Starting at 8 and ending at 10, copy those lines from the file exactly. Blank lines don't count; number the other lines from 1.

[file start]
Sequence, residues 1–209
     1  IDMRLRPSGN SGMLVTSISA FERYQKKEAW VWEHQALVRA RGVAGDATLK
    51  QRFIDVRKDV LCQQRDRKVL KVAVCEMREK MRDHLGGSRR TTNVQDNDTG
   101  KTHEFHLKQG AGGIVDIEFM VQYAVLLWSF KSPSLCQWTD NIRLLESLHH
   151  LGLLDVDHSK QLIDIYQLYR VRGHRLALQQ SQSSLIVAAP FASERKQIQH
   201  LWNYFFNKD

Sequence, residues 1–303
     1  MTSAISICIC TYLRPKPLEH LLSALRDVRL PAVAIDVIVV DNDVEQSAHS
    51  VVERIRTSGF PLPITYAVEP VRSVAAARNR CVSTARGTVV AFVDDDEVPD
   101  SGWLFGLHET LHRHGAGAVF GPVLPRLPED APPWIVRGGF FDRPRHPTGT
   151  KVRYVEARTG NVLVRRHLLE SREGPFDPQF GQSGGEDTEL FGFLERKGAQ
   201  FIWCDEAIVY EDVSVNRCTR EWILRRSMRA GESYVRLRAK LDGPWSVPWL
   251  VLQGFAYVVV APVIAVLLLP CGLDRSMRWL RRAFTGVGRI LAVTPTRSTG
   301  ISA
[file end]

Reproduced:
     1  MTSAISICIC TYLRPKPLEH LLSALRDVRL PAVAIDVIVV DNDVEQSAHS
    51  VVERIRTSGF PLPITYAVEP VRSVAAARNR CVSTARGTVV AFVDDDEVPD
   101  SGWLFGLHET LHRHGAGAVF GPVLPRLPED APPWIVRGGF FDRPRHPTGT